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Descemetocele following a simple avulsion procedure for pterygium
  1. Singapore National Eye Centre,
  2. 11 Third Hospital Avenue, Singapore 168751
  1. M Sivakumar.

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Editor,—Simple excision of a pterygium with or without a conjunctival autograft is a routine surgical procedure with generally minimal complications unless adjunctive antimitotic agents are used. We report an unusual and severe intraoperative complication of severe descemetocele formation in a patient who underwent a routine avulsion procedure1 2 for a primary pterygium.


A 47-year-old Malay woman with end stage renal failure on haemodialysis was found to have bilateral severe nasal primary pterygium, grade 4 in the right eye covering the pupillary axis and grade 3 in the left eye (Fig 1). In the right eye, areas of the cornea not directly affected by the pterygium invasion were also noted to be abnormal with diffuse peripheral stromal opacities and perilimbal superficial vascularisation. There was no history of previous ocular disease or trauma.

Figure 1

Right eye showing a nasal pterygium covering the pupillary axis.

A pterygium excision with a conjunctival graft was performed in the right eye via a simple avulsion technique. Surgery was performed by a senior corneal surgeon who has performed over 300 conjunctival autograft procedures for primary and recurrent pterygium. The avulsion procedure involves grasping the inferior horizontal edge of the pterygium with conjunctival forceps and exerting traction to avulse the head and inferior aspect of the pterygium from the cornea, at the level of the Bowman’s membrane (Fig 2). Concomitant scraping with a No 64 Beaver blade was additionally performed to facilitate clean division from Bowman’s membrane. This procedure has a theoretical advantage over sharp dissection or superficial keratectomy in that the natural cleavage plane3 between the pterygium and Bowman’s membrane is respected, whereas sharp dissection may inadvertently result in a deeper stromal plane with excessive loss of corneal stromal tissue.

Figure 2

Right eye showing a bulging descemetocele following an avulsion procedure for a nasal pterygium.

In this patient, modest traction to disinsert the pterygium resulted in avulsion of the pterygium together with significant adjacent corneal stromal tissue, resulting in a cleavage plane deep within the posterior stroma. This plane, which occurred over approximately two thirds of the surface area of the cornea (over the original pterygium site), resulted in a residual corneal thickness of less than one quarter of the original stroma, and a bulging central descemetocele (Fig 2). The corneal stroma was noted to be opaque and abnormally friable in consistency. After removal of the pterygium, a conjunctival autograft was performed to cover the scleral bed. The large corneal defect was left bare, as corneal donor tissue was unavailable.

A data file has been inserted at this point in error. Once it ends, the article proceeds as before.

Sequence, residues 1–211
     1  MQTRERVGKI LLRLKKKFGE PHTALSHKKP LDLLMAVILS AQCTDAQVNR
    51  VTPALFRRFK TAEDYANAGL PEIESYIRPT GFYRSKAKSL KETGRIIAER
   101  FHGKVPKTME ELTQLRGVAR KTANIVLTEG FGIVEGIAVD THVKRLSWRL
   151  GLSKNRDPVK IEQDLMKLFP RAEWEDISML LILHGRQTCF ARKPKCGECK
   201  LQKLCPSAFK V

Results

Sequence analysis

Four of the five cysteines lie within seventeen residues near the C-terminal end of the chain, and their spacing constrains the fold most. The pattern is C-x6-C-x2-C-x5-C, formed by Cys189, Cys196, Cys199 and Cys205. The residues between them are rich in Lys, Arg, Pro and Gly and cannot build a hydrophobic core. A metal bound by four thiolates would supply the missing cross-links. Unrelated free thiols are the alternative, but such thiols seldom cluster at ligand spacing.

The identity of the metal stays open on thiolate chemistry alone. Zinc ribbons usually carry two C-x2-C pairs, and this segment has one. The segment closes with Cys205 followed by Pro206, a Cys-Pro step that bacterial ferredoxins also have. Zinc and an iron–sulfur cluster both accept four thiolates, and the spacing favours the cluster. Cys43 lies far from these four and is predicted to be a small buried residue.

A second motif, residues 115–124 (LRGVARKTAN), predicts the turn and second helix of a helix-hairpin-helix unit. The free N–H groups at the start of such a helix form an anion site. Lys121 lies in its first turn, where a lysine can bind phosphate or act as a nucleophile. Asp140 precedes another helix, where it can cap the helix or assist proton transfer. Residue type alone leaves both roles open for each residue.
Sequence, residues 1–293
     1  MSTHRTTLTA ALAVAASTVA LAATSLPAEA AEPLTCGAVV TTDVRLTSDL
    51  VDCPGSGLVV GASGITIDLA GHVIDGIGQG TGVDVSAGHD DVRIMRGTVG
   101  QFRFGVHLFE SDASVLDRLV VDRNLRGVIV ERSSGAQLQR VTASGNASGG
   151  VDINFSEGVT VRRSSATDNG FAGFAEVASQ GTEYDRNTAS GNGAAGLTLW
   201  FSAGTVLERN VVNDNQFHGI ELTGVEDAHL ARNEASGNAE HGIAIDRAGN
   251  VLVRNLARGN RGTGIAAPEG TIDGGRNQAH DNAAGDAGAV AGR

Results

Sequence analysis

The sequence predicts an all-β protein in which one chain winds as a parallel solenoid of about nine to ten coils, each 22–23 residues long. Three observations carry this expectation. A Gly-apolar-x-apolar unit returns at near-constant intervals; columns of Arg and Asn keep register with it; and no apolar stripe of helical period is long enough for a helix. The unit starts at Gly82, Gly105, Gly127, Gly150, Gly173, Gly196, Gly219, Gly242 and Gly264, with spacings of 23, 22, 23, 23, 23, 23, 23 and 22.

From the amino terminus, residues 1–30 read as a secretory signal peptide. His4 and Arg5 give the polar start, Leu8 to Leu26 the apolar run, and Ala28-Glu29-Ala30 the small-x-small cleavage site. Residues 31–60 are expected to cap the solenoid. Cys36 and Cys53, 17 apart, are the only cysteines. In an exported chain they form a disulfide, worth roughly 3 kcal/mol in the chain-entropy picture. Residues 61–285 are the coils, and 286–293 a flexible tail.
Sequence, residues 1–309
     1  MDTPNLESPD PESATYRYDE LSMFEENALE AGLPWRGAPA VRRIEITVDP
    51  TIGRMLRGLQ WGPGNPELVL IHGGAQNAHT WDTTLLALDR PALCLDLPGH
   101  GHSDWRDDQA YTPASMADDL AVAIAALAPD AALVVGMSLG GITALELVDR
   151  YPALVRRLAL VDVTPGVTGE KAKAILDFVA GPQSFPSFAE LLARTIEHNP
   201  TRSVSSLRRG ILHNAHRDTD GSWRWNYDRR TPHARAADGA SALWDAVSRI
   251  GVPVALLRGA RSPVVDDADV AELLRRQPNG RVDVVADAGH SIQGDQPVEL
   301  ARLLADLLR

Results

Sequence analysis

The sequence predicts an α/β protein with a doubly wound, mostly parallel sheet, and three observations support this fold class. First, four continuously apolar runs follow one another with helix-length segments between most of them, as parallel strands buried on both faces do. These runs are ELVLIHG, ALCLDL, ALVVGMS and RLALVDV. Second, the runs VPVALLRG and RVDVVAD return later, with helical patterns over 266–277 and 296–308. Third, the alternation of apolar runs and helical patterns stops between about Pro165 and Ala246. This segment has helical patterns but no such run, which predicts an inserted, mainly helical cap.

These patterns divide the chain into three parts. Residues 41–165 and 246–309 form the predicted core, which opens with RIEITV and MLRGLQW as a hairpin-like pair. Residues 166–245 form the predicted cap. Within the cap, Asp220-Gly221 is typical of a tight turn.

Postoperatively, the degree of corneal stromal loss associated with bulging of the descemetocele was confirmed by slit-lamp microscopy, and the patient subsequently underwent successful tectonic lamellar keratoplasty 2 days after the initial pterygium excision, when a corneal donor was obtained (Fig 3). Six months postoperatively, the lamellar graft remains clear, and visual acuity is correctable to 6/30 with corrective glasses. The conjunctival autograft remains in place and no recurrence of the pterygium has occurred. Histology of the pterygium tissue combined with deep corneal stromal tissue revealed a total lack of stromal lamellae, with fibrovascular tissue containing numerous dilated capillaries and a perivascular lymphocytic infiltrate.

Figure 3

Right eye showing tectonic lamellar graft for a bulging descemetocele.


Excision of a pterygium is generally not associated with significant corneal loss unless superficial keratectomy is performed without undue attention to the depth of keratectomy. The avulsion procedure performed in this patient is similar to that described by Coroneo.4 A combination of pterygium tissue traction, blunt dissection, and scraping of Bowman’s membrane enables clean division between pterygium tissue and Bowman’s membrane. This, therefore, theoretically reduces the risk of inadvertent loss of corneal tissue. The opaque and friable nature of the underlying corneal stroma suggests significant degenerative changes of the underlying corneal stroma, which is consistent with the histology. Although underlying stromal scarring is common beneath pterygia, stromal density and consistency are usually unaffected, and careful dissection at the plane of Bowman’s membrane is usually possible.

Retrospectively, the presence of pre-existing deep stromal opacification and vascularisation in adjacent corneal tissue unaffected by pterygium invasion may have suggested a pre-existing abnormal corneal state. The possibility of systemic disease affecting corneal status in this patient is raised. It is not inconceivable that the systemic or metabolic abnormalities present in end stage renal failure or haemodialysis may have played a role in the development of corneal stromal degeneration.

Pterygium excision is generally regarded as a routine surgical procedure which may be performed by residents in training. In Cameron’s words ‘Many surgeons consider the humble pterygium to be unworthy of their talents and sometimes for this reason, or under pressure of work, delegate the excision to junior staff who in turn treat the condition in cavalier fashion, with in some cases poor results’.5

This case illustrates that pterygium surgery may not be routine and free from complications. We propose caution during surgery when severe pterygium is associated with significant stromal disease.